One day, amid the satanic panic, maybe an hour after lunch, the kids at Lanza Middle School were being called out of class, and it was getting to feel strange, as if we were all in silent trouble; teachers didn’t know anything either, and were looking around and at the windows. Then there was an intercom call from the principal that Lanza Middle School would be let out early. There had been a threat, and the kids needed to get home. The teachers would all stand outside to watch the students as they waited for parents or got on a bus. The feeling was ceremonial yet unexpected, like a fire drill or like running into classmates you never spoke to while shopping at La Plaza Mall.

“That was a time, an uncoded time, a surprise time, when we all saw each other,” Jacob said.

I drank my beer, then turned the car on and got Jacob back to his place to start on his phase of home healing, walking him to the door and then walking with him to his chair where he would sit until compelled to create once again.

During that time, I realized that even though Jacob was the only person I spoke to, that was still somehow too many people. I kept checking in on him to see how the healing was happening.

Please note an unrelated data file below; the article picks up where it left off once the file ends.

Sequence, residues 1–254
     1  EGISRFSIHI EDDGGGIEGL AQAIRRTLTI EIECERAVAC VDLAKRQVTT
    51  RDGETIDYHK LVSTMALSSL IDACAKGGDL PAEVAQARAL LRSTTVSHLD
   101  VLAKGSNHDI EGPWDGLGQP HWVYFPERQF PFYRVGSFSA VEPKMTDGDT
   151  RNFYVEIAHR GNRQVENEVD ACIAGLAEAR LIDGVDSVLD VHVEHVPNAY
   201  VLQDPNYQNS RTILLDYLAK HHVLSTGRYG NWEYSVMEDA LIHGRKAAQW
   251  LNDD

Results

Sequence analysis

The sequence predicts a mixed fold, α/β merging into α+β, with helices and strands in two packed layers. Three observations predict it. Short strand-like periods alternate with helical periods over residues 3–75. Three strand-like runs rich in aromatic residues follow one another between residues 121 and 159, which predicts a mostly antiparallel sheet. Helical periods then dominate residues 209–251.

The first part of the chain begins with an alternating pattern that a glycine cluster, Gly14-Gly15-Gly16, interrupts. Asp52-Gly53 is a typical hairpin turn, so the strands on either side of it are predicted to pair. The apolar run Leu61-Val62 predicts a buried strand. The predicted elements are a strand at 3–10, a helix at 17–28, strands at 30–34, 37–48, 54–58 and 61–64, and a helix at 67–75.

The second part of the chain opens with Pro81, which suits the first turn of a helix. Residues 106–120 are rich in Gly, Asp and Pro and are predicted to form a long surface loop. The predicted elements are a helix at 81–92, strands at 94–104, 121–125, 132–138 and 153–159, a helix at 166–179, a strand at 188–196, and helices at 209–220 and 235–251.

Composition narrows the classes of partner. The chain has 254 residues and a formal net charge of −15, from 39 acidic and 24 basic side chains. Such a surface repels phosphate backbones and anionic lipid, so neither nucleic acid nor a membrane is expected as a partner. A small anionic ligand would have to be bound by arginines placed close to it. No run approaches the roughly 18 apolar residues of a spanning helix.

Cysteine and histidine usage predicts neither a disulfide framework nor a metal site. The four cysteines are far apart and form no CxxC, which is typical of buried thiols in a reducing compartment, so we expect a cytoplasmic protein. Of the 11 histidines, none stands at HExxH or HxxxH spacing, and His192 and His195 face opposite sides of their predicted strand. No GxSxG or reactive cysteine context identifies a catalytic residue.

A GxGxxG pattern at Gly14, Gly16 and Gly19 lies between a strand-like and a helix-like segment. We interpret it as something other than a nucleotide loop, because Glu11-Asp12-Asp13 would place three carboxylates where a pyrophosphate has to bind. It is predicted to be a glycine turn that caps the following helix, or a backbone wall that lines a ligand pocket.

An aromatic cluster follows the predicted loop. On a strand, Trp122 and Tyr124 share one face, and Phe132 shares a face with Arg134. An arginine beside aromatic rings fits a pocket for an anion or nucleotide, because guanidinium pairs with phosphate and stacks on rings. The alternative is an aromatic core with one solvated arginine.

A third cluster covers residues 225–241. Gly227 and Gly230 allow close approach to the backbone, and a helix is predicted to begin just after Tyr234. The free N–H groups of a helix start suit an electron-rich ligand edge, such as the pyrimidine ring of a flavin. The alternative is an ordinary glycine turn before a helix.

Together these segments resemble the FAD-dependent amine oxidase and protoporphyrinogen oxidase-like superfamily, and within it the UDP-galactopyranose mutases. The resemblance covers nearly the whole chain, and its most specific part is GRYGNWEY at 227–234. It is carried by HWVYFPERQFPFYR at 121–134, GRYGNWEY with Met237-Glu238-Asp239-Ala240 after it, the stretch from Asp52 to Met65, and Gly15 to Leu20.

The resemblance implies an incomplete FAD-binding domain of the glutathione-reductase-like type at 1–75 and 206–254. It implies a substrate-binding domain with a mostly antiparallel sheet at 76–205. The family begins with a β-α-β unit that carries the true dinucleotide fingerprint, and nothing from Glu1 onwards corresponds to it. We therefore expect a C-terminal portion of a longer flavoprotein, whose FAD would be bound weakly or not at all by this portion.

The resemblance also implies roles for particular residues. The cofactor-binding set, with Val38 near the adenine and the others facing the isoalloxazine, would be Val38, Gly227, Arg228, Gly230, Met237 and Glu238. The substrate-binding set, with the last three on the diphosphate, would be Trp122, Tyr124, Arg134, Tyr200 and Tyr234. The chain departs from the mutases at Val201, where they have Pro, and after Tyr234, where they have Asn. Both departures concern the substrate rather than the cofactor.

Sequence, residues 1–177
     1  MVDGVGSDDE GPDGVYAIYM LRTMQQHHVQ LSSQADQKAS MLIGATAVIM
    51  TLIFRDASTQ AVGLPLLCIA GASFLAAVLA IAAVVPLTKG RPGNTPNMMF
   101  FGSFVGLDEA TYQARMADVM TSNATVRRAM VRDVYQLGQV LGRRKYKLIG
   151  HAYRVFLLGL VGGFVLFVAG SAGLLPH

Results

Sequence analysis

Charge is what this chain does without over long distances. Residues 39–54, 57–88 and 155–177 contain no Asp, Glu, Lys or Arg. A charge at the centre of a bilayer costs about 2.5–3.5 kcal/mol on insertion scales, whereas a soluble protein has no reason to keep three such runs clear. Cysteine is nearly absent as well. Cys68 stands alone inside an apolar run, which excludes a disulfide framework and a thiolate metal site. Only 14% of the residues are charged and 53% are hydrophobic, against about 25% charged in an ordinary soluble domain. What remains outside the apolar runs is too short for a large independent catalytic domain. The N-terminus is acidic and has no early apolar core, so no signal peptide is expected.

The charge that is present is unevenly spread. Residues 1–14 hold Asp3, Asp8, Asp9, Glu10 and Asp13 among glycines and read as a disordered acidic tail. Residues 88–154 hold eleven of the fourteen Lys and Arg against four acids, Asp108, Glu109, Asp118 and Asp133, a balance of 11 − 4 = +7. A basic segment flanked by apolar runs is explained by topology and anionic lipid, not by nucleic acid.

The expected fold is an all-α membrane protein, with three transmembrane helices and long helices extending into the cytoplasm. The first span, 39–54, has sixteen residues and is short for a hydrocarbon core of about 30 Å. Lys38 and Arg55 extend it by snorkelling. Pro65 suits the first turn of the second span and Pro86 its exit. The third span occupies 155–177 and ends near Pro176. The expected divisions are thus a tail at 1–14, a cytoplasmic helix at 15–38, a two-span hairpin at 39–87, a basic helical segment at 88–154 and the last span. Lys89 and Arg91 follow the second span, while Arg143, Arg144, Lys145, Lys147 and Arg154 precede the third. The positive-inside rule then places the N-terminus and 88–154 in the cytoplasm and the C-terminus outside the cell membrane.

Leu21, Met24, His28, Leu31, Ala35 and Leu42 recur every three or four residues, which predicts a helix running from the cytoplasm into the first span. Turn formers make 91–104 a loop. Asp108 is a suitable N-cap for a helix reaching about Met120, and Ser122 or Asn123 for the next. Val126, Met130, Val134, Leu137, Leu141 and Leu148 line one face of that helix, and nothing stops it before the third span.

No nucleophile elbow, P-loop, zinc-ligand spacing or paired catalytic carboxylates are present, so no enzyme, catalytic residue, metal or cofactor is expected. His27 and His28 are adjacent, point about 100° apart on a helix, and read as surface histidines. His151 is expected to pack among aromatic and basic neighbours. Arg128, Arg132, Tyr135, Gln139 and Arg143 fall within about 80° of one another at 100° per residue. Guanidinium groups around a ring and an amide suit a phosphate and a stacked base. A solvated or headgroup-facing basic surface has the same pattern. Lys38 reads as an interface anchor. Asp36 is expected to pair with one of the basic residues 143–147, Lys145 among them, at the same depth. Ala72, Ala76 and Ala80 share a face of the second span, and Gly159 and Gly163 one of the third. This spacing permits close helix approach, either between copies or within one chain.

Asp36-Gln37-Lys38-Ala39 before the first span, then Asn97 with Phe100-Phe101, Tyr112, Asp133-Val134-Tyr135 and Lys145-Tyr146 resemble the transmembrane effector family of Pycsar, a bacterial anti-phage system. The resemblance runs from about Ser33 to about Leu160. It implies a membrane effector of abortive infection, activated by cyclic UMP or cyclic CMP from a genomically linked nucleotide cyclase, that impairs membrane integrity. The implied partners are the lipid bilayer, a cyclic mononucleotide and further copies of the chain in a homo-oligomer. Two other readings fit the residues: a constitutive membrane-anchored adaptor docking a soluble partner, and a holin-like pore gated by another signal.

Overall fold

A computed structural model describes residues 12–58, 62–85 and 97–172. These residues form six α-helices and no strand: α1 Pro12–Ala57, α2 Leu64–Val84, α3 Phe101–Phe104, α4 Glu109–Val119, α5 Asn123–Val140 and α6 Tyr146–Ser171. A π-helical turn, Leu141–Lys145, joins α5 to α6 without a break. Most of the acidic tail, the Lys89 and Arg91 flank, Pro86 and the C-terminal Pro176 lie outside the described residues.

The swelling in his lower body had him looking like when Wile E. Coyote took those muscle pills and got those crazy huge cartoon legs. Jacob was down that second week and soon commenced three months of pain and nerves rebuilding.

I brought over glasses of water and drank my beer in front of him while I made sure that the remote control and vitamins were by the EasyChair.

As part of the healing routine, I started watching TV at his place.

In my newfound economic stability, I had become much less of a TV snob than I ever was and now just watched anything, awash in the mystery and gratitude that the programs were, for the most part, people trying very hard to entertain me.

Jacob had his preferences though. He liked dark and he liked epic and episodic and a long series that could eat nights. He had seen all the Buffy and Barnabas shows, so we were looking for more arcane entertainment.